The groundbreaking marks the beginning of the “Friendship Campus” of the Circle of Friendship

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Nechama Harlig, co-director of Friendship Circle in Miami, celebrates the grand opening of the group’s new facility with volunteers and friends.

Friendship Circle Miami’s mission, led by volunteers, is to provide friendship and acceptance to people with special needs.

To better accomplish this, the nonprofit has long planned a visionary “Friendship Campus,” a 20,000 square foot state-of-the-art facility in South Florida.

The groundbreaking ceremony for the building took place on December 5 during a grand celebration with 200 guests.

It is hoped that the new campus, which will also house the Chabad of Kendall/Pinecrest, will set the standard for Friendship Circle groups across the United States.

“We are extremely grateful to everyone in our community who contributed to this significant achievement, as we make the new Friendship Campus a reality after more than 25 years of creation,” said co-director Rabbi Yossi. Harlig.

“It is truly life-changing to soon introduce a state-of-the-art location that will be a second home for so many South Florida families. This would not be possible without our volunteers, members, board of directors, donors and our long-time patrons, who share a mutual sense of providing a place to ‘belong’ to all.

Yossi and co-director Nechama Harlig are the founders of Friendship Circle in Miami. The two new one-story buildings are expected to be completed by spring 2023.

The campus will include indoor and outdoor spaces, allowing for many services, playgrounds and a garden, as well as on-site parking.

Friendship Circle in Miami has been operating from its current 3,000 square foot facility at 8700 SW 112 St. since 2004 and has reached capacity.

In its holistic vision, the new Friendship Campus will serve thousands of families with children and young adults with physical and intellectual special needs through immersive programs and weekly events, fostering a sense of belonging for the entire community.

From the full-scale kitchen to the social room and parent meeting room to the sensory room, organizers envision the campus to be “an inclusive place of limitless experiences and lasting friendships for those who matter the most.” need”.

Learn more at www.friendshipcirclemiami.org

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Anthony Broad, Connie Goodman-Milone, first place winner Devorah Benveniste and Jennifer Forbes celebrate the 2021 Junior Orange Bowl creative writing awards. Mitchell Zachs MagicalPhotos.com

Writing contest open to eighth graders

The 34th Annual Junior Orange Bowl Creative Writing Contest themed “How can art and music change our lives?” is now open for registration.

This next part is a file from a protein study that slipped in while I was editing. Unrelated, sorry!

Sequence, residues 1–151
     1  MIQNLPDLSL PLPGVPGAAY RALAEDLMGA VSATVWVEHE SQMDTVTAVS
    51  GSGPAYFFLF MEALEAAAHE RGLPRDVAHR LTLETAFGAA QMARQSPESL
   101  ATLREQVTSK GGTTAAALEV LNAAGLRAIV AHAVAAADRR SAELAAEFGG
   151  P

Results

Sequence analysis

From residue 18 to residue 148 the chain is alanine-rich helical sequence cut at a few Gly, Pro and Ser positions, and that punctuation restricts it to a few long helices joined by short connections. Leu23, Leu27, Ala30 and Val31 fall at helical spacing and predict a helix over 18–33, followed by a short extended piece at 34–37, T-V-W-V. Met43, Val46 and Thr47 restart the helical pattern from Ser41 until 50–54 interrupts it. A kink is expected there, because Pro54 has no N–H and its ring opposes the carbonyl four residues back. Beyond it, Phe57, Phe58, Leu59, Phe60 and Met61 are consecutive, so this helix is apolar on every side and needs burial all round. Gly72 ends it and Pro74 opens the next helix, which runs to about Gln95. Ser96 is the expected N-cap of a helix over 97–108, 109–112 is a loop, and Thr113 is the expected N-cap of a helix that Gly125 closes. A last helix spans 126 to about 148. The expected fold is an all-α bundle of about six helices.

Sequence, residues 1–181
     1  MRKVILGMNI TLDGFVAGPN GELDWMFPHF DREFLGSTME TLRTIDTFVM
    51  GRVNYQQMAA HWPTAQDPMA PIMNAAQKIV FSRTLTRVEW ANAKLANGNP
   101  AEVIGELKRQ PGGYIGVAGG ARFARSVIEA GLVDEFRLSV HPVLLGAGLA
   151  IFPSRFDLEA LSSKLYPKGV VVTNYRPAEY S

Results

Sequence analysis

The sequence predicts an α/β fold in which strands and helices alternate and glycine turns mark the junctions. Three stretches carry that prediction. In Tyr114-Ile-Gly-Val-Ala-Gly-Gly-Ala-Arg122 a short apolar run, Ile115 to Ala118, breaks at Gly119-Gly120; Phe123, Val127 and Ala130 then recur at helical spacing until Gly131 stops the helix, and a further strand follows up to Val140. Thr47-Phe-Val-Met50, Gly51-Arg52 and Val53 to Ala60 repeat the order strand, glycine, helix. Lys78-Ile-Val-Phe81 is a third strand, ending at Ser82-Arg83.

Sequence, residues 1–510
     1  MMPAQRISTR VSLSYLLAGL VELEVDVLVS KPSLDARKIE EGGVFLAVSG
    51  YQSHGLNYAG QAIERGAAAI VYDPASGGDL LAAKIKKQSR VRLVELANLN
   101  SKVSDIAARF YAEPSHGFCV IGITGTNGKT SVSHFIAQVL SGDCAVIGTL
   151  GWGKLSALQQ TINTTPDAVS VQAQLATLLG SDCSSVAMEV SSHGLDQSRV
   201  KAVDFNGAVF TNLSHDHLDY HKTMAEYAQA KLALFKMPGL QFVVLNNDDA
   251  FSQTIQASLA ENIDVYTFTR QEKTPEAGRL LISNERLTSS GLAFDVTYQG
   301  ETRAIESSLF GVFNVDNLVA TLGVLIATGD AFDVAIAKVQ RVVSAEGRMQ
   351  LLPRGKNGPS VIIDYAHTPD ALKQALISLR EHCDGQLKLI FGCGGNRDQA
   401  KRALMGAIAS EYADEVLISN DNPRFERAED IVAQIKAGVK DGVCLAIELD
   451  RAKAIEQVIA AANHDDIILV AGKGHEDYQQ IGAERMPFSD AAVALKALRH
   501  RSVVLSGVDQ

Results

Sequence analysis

The competition for South Florida eighth graders is co-sponsored by the South Florida Writers Association.

Entries of up to 500 words are encouraged and essays will be judged on the author’s attention to theme, originality and depth of meaning. Submissions must be received online or postmarked by March 18, 2022.

Finalists, their families and teachers will be invited to the awards ceremony at the Coral Gables Museum in April. President Jennifer Forbes and director Anthony Broad lead the Junior Orange Bowl creative writing competition.

Essays can be submitted on the Creative Writing event page at www.jrorangebowl.org. Email [email protected] or 305-662-1210 to learn more.

The three winning students and their teachers will receive a total of $2,300 in scholarships and prizes. The winning essays will be published in the South Florida Writers Association’s Author’s Voice newsletter, and the winning students will be featured on a MiamiLit podcast.

Holocaust education group receives grant

As Holocaust Remembrance Day approaches on January 27, 3GMiami announced that it is expanding its education efforts in Miami with recent funding of $6,500 from the Jewish Federation of Greater Miami as part of its Jewish Incubator Grant Program.

This significant funding will support the nonprofit 3GMiami’s outreach and education efforts throughout 2022.

Launched in 2020 by Stephanie Rosen and Julie Paresky, who are both grandchildren of Holocaust survivors, 3GMiami empowers other grandchildren of Holocaust survivors to educate the next generation about the dangers of intolerance and persecution by telling personal stories.

3GMiami-trained speakers volunteer in Miami-Dade classrooms as part of Florida’s state-mandated public school system Holocaust education. Last year, 3GMiami reached over 1,000 students and visited 14 schools.

The group’s first major event of 2022 will be held in conjunction with the Miami Beach JCC, from 12:30 p.m. to 2:30 p.m., January 26.

Titled “Why I Must Tell My Grandparents’ Story: A Panel Discussion with Third-Generation 3GMiami Members,” the virtual lunchtime event will be led by child Holocaust survivor Miriam Klein Kassenoff and three members of 3GMiami.

To continue its programming and reach even more students in grades 6-12, 3GMiami will host another series of speaker trainings from April 5 through May 10 to teach grandchildren of Holocaust survivors how to better share the testimonies and stories of their grandparents.

Participants must attend all sessions in order to complete the training. To learn more about 3GMiami and the Speaker Training Series, contact Paresky or Rosen at [email protected]

To RSVP for the JCC Virtual Lunch and Learning Event on January 26, go to www.mbjcc.org/event/international-holocaust-remembrance-day/

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Write to [email protected] with news for this column.


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